- Associated Press - Monday, March 28, 2016

FRANKLIN, Ind. (AP) - The city of Franklin is trying to decide how it can cover the hefty cost of removing nearly 150 trees killed by an invasive beetle.

Over the next few months, 147 trees need to be removed from Province Park and Greenlawn Cemetery, Franklin Parks and Recreation Director Chip Orner told the (Franklin) Daily Journal (https://bit.ly/22UgZmU ). About 90 percent of those trees were killed by the emerald ash borer, an insect that digs into and lives inside ash trees, he said.

The emerald ash borer isn’t native to North America, so the beetles don’t have natural predators in Indiana, according to Purdue Extension agriculture and natural resource educator Sarah Hanson. The bug’s presence in North America was first recorded around 2002, and the species has become a bigger problem for ash trees in Indiana and other states in recent years, she said.

City Council members suggested that all 147 trees be taken down at the same time.

But the city likely will have to seek bids for the project and wait another month or two before the trees can be removed. Orner doesn’t want to have to wait that long because the dead trees could pose a public safety risk.

“It’s going to be difficult to find a contractor that’s going to want to tackle 147-plus trees,” Mayor Joe McGuinness said. “That’s going to dominate the first two-three months of their season, I would guess.”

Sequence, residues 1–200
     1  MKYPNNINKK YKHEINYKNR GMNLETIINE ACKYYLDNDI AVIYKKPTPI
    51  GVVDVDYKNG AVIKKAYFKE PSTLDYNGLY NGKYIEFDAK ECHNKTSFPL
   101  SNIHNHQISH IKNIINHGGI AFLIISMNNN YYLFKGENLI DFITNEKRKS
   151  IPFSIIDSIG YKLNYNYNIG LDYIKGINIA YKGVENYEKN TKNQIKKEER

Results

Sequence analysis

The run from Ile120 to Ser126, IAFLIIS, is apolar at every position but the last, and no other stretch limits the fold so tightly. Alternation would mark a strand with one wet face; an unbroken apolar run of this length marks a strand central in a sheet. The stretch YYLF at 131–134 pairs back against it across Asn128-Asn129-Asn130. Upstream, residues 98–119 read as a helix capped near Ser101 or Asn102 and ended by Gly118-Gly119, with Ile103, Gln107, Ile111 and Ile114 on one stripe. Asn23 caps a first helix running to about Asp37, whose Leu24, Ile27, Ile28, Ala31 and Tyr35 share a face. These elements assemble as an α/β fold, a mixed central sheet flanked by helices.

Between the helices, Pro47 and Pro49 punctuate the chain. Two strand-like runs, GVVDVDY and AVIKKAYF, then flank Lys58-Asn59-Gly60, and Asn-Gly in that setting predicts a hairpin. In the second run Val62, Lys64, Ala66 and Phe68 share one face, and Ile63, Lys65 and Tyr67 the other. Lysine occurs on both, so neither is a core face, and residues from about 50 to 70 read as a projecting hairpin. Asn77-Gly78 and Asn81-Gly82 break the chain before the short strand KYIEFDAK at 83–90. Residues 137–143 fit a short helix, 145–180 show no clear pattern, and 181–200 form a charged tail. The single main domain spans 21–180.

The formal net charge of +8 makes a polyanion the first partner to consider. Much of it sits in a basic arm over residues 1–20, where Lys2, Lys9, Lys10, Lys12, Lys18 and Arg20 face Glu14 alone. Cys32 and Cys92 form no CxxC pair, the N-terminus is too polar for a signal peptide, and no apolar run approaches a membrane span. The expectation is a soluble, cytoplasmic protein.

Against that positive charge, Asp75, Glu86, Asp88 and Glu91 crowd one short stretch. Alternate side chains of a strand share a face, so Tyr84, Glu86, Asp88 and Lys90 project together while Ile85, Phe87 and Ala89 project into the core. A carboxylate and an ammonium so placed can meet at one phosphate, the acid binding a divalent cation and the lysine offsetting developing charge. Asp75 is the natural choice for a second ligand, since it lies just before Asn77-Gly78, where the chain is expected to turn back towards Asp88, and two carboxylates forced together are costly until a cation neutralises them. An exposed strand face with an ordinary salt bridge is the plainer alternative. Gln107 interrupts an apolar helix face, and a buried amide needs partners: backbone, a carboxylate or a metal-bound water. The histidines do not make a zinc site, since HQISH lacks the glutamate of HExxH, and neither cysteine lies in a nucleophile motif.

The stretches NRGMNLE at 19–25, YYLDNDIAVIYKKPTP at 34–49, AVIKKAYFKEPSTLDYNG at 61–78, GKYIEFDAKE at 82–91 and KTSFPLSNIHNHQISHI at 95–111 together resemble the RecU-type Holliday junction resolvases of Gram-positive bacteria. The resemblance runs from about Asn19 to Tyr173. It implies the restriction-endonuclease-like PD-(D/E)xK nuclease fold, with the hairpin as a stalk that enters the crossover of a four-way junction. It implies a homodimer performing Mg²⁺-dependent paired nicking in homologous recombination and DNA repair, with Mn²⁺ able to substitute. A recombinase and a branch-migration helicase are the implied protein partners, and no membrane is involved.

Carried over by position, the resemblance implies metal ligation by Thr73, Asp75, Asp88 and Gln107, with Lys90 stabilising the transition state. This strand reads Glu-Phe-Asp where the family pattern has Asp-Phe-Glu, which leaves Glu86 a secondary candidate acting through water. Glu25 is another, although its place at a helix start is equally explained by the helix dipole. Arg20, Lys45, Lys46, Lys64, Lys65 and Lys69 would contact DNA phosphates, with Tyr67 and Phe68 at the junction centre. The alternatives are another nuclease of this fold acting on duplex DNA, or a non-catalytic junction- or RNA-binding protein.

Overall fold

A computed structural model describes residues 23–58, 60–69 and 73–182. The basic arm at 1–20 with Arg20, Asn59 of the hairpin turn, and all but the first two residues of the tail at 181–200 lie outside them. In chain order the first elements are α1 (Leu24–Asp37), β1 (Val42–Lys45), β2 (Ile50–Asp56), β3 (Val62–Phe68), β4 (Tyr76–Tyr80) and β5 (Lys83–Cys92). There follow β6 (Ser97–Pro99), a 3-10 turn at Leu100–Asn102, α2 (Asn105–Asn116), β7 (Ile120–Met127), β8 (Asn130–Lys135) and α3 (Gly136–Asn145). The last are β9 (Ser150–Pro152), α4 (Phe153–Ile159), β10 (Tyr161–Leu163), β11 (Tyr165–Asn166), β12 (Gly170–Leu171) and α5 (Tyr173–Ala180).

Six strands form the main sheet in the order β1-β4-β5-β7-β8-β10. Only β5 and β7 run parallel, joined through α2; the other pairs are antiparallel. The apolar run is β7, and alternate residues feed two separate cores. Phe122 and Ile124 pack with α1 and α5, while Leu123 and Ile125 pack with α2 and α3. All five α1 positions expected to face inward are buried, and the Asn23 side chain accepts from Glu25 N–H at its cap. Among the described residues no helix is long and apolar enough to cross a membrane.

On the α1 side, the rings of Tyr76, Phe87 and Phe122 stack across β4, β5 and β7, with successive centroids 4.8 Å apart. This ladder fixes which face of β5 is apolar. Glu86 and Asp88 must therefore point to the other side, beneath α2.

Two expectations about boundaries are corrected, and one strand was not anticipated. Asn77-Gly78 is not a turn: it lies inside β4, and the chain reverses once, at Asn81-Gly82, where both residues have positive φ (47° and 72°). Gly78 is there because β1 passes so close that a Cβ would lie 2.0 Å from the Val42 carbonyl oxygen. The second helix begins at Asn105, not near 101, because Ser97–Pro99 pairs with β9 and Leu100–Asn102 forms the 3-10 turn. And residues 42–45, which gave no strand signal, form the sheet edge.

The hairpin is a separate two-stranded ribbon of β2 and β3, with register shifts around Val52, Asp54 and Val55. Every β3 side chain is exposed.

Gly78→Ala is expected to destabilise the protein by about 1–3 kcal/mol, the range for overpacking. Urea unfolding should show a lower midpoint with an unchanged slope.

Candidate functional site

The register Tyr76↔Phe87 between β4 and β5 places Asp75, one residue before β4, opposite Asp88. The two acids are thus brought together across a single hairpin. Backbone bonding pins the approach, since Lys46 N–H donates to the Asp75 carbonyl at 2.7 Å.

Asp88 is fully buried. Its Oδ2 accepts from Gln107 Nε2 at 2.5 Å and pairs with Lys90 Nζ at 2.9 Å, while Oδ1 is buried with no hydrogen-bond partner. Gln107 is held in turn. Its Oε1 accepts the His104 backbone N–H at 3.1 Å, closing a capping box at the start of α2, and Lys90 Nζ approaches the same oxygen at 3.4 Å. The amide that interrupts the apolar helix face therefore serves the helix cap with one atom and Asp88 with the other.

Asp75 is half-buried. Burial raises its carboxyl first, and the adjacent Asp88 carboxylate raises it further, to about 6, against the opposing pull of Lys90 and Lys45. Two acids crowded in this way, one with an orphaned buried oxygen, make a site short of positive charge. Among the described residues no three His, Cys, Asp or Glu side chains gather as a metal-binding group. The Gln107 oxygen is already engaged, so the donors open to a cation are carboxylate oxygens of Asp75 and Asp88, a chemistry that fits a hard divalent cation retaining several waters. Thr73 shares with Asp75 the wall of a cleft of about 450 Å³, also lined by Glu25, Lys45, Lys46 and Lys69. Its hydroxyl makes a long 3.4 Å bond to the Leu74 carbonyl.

Since it costs $2,000 on average to remove a tree, the city might have to pay up to $300,000 to remove all 147 of the dead trees.

“I just don’t know if we’ll be able to invest $300,000 in this right now,” Orner said. “This has been an ongoing issue with us for years, but I probably have to be a realist about it.”

Councilman Joe Ault proposed hiring part-time tree experts and renting equipment to save money.

Orner has started planting 30 trees in Province Park as he waits for the dead ones to come down.


Information from: Daily Journal, https://www.dailyjournal.net

Copyright © 2019 The Washington Times, LLC.

The Washington Times Comment Policy

The Washington Times welcomes your comments on Spot.im, our third-party provider. Please read our Comment Policy before commenting.


Click to Read More and View Comments

Click to Hide